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I got a problem with IO not executing in order, even inside a do construct.

In the following code I am just keeping track of what cards are left, where the card is a tuple of chars (one for suit and one for value) then the user is continously asked for which cards have been played. I want the putStr to be executed between each input, and not at the very end like it is now.

module Main where
main = doLoop cards
doLoop xs = do  putStr $ show xs
                s <- getChar
                n <- getChar
                doLoop $ remove (s,n) xs
suits = "SCDH"
vals = "A23456789JQK"
cards = [(s,n) | s <- suits, n <- vals]
type Card = (Char,Char)
remove :: Card -> [Card] -> [Card]
remove card xs = filter (/= card) xs
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up vote 8 down vote accepted

absz's answer is correct, Haskell's buffered IO is what's causing you trouble. Here's one way to rewrite your doLoop to have the effect you're looking for:

doLoop xs = do  putStrLn $ show xs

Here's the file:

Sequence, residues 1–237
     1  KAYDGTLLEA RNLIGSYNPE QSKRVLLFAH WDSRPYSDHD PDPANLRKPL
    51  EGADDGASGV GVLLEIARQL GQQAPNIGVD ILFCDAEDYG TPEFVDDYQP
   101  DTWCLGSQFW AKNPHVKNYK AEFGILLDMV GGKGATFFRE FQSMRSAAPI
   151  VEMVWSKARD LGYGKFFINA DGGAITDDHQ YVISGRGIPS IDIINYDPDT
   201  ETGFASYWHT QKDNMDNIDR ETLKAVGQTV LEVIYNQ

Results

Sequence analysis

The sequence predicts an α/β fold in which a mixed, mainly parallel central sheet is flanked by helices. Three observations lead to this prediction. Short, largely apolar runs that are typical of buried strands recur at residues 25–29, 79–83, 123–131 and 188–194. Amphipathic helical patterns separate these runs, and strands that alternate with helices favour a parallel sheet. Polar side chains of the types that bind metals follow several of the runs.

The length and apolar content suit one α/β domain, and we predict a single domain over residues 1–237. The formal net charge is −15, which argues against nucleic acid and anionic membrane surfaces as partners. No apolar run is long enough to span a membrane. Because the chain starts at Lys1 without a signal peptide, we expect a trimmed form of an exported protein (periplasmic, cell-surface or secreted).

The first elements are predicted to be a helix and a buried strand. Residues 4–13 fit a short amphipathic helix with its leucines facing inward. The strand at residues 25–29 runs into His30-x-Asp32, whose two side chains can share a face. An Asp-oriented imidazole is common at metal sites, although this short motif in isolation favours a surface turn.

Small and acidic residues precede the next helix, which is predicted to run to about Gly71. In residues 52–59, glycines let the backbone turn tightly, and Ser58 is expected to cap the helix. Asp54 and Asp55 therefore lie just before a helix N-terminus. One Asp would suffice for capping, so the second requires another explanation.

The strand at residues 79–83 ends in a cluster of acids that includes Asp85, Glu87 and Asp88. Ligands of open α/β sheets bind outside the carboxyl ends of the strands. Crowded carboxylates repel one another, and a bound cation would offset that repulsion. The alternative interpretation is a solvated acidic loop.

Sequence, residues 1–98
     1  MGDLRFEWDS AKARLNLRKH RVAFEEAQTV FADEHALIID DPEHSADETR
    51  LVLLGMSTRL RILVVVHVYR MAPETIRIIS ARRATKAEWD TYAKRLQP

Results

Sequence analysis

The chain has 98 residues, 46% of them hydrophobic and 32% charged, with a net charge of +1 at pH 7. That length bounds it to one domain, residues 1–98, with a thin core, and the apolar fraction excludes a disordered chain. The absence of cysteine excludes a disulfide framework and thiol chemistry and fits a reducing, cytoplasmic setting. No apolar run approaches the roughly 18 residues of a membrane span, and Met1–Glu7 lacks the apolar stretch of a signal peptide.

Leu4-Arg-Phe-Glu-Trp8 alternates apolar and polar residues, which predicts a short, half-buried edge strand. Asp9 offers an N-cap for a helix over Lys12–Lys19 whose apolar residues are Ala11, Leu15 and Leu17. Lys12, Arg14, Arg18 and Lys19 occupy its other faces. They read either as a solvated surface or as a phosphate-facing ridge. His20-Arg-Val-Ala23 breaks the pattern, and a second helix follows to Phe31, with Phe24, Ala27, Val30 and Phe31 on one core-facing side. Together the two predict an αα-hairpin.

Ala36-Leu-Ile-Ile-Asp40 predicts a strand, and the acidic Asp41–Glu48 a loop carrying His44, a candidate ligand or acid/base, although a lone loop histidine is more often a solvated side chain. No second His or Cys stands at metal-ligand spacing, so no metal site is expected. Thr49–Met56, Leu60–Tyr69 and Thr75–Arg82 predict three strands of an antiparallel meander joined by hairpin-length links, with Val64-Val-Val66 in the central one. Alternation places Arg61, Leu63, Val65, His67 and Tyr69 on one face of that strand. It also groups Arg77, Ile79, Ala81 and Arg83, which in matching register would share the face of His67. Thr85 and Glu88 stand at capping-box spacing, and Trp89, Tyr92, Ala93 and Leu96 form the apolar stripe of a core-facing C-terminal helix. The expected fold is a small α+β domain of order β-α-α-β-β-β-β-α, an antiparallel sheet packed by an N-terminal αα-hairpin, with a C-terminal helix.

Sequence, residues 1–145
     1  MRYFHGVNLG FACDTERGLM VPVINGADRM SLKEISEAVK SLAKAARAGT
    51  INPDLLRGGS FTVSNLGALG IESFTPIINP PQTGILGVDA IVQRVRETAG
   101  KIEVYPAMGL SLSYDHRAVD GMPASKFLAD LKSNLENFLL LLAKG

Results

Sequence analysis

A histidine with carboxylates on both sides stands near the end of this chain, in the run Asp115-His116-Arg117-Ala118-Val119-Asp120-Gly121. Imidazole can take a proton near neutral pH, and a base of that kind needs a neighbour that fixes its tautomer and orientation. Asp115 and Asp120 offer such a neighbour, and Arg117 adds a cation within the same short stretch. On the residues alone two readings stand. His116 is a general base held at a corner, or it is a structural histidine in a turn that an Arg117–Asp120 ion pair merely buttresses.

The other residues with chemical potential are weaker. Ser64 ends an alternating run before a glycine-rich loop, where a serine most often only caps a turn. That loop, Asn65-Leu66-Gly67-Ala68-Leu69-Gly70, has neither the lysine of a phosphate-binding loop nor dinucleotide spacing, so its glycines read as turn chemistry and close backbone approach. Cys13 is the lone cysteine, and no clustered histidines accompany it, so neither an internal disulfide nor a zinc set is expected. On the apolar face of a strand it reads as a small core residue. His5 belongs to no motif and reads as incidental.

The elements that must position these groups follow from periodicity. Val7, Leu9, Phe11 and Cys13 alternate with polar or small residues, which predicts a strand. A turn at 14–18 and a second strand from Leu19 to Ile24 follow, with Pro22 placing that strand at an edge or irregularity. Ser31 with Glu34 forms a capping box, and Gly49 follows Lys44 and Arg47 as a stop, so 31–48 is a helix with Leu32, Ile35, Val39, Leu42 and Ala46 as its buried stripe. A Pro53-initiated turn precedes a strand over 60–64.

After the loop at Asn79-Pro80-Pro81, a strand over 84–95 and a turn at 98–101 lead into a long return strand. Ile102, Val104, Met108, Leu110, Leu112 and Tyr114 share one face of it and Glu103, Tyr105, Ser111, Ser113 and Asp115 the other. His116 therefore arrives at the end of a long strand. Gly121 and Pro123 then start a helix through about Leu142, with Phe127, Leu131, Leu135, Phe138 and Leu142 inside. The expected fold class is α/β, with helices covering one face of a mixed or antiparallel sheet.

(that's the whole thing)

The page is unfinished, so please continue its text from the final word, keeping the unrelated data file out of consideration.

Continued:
input <- getLine
                let s:n:_ = input
                doLoop $ remove (s,n) xs

The two changes: use putStrLn to append a newline and flush the output (which is probably what you want), and use getLine to grab the input a line at a time (again, probably what you want).

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Bad code ! You introduce a potentiel pattern match failure here. – David V. Apr 26 '10 at 8:48
True, the case is far from exhaustive, but as a proof of concept (regarding the IO operations) it does the job. – perimosocordiae Apr 26 '10 at 9:53

If the problem is what I think it is, your problem is that Haskell's IO is buffered: this question explains what's happening. When you run a compiled Haskell program, GHC stores output in the buffer and only periodically flushes it to the screen; it does so if (a) the buffer is too full, (b) if a newline is printed, or (c) if you call hFlush stdout.

The other problem you may be seeing is that getChar may not fire until a newline is read, but then the newline is in your input stream; you could perhaps solve this with an extra getChar to swallow the newline, but there should probably be a better way.

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Yep, good call. Just tried it myself; works fine in GHCi, prints nothing until the end when compiled, just like the question you linked to. – C. A. McCann Apr 25 '10 at 0:15

Buffering, in the form of putStr, is your problem, as others have pointed out.

Also, a style point: putStrLn $ show xs is the same as print xs

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